## File: hoeffd.Rd

package info (click to toggle)
hmisc 4.2-0-1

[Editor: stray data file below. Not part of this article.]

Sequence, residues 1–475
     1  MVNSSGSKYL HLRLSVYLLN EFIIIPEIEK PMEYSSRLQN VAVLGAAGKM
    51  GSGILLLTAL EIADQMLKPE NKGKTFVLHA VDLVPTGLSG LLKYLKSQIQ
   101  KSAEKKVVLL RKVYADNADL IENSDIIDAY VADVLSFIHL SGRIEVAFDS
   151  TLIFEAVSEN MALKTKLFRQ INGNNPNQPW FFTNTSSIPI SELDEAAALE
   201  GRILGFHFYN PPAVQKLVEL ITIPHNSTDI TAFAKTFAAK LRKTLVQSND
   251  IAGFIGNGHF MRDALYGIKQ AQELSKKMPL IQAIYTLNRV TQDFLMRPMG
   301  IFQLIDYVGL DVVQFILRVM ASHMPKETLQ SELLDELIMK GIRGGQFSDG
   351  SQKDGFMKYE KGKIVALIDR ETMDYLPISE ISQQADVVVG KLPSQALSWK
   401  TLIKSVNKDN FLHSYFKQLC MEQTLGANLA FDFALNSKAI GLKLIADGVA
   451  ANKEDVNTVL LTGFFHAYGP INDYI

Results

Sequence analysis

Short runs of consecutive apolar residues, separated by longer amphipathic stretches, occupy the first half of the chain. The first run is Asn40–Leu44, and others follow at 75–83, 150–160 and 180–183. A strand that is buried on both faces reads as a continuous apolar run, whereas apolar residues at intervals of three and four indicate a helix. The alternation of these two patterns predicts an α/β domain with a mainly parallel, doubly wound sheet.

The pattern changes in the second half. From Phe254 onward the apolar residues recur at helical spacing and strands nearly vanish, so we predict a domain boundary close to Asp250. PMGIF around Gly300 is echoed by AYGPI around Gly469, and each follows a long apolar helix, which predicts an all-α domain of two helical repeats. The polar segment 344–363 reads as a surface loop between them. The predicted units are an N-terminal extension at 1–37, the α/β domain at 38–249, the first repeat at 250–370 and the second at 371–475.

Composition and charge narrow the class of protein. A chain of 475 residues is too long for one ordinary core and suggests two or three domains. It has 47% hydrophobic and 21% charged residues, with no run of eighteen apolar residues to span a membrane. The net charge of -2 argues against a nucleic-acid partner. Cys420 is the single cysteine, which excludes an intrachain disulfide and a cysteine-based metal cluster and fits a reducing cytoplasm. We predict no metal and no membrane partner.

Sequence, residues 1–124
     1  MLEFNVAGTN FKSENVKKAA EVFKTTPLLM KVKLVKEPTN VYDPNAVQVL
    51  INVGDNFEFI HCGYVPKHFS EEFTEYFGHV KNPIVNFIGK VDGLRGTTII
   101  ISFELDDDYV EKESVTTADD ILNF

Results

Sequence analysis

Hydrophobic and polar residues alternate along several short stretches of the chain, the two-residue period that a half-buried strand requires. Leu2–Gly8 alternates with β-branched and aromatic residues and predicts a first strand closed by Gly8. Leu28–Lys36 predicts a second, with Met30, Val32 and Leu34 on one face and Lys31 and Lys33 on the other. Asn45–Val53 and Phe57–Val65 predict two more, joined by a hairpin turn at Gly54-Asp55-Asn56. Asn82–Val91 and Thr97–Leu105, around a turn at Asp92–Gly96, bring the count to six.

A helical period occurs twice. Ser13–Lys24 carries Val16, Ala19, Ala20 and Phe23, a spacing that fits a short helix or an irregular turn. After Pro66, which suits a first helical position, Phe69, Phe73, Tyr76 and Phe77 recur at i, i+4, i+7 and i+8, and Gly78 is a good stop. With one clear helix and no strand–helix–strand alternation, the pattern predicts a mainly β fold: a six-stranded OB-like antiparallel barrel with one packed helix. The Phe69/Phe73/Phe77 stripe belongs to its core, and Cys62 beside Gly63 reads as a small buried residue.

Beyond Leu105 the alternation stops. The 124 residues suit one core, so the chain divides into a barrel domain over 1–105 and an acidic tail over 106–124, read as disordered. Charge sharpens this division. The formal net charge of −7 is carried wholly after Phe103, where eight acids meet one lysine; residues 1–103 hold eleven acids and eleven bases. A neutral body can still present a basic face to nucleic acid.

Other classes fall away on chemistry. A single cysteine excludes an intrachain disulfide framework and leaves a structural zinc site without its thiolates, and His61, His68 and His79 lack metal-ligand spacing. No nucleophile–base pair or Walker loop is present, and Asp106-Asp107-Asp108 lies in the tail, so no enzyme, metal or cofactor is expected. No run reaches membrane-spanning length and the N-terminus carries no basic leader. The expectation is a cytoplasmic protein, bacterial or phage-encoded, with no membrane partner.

1234567891011121314151617181920212223242526272829303132333435363738394041424344454647484950515253545556575859606162636465666768697071727374757677787980818283848586878889909192939495969798 \name{hoeffd} \alias{hoeffd} \alias{print.hoeffd} \title{ Matrix of Hoeffding's D Statistics } \description{ Computes a matrix of Hoeffding's (1948) \code{D} statistics for all possible pairs of columns of a matrix. \code{D} is a measure of the distance between \code{F(x,y)} and \code{G(x)H(y)}, where \code{F(x,y)} is the joint CDF of \code{X} and \code{Y}, and \code{G} and \code{H} are marginal CDFs. Missing values are deleted in pairs rather than deleting all rows of \code{x} having any missing variables. The \code{D} statistic is robust against a wide variety of alternatives to independence, such as non-monotonic relationships. The larger the value of \code{D}, the more dependent are \code{X} and \code{Y} (for many types of dependencies). \code{D} used here is 30 times Hoeffding's original \code{D}, and ranges from -0.5 to 1.0 if there are no ties in the data. \code{print.hoeffd} prints the information derived by \code{hoeffd}. The higher the value of \code{D}, the more dependent are \code{x} and \code{y}. \code{hoeffd} also computes the mean and maximum absolute values of the difference between the joint empirical CDF and the product of the marginal empirical CDFs. } \usage{ hoeffd(x, y) \method{print}{hoeffd}(x, \dots) } \arguments{ \item{x}{ a numeric matrix with at least 5 rows and at least 2 columns (if \code{y} is absent), or an object created by \code{hoeffd} } \item{y}{ a numeric vector or matrix which will be concatenated to \code{x} } \item{\dots}{ignored} } \value{ a list with elements \code{D}, the matrix of D statistics, \code{n} the matrix of number of observations used in analyzing each pair of variables, and \code{P}, the asymptotic P-values. Pairs with fewer than 5 non-missing values have the D statistic set to NA. The diagonals of \code{n} are the number of non-NAs for the single variable corresponding to that row and column. } \details{ Uses midranks in case of ties, as described by Hollander and Wolfe. P-values are approximated by linear interpolation on the table in Hollander and Wolfe, which uses the asymptotically equivalent Blum-Kiefer-Rosenblatt statistic. For \code{P<.0001} or \code{>0.5}, \code{P} values are computed using a well-fitting linear regression function in \code{log P} vs. the test statistic. Ranks (but not bivariate ranks) are computed using efficient algorithms (see reference 3). } \author{ Frank Harrell \cr Department of Biostatistics \cr Vanderbilt University \cr \email{f.harrell@vanderbilt.edu} } \references{ Hoeffding W. (1948): A non-parametric test of independence. Ann Math Stat 19:546--57. Hollander M. and Wolfe D.A. (1973). Nonparametric Statistical Methods, pp. 228--235, 423. New York: Wiley. Press WH, Flannery BP, Teukolsky SA, Vetterling, WT (1988): Numerical Recipes in C. Cambridge: Cambridge University Press. } \seealso{ \code{\link{rcorr}}, \code{\link{varclus}} } \examples{ x <- c(-2, -1, 0, 1, 2) y <- c(4, 1, 0, 1, 4) z <- c(1, 2, 3, 4, NA) q <- c(1, 2, 3, 4, 5) hoeffd(cbind(x,y,z,q)) # Hoeffding's test can detect even one-to-many dependency set.seed(1) x <- seq(-10,10,length=200) y <- x*sign(runif(200,-1,1)) plot(x,y) hoeffd(x,y) } \keyword{nonparametric} \keyword{htest}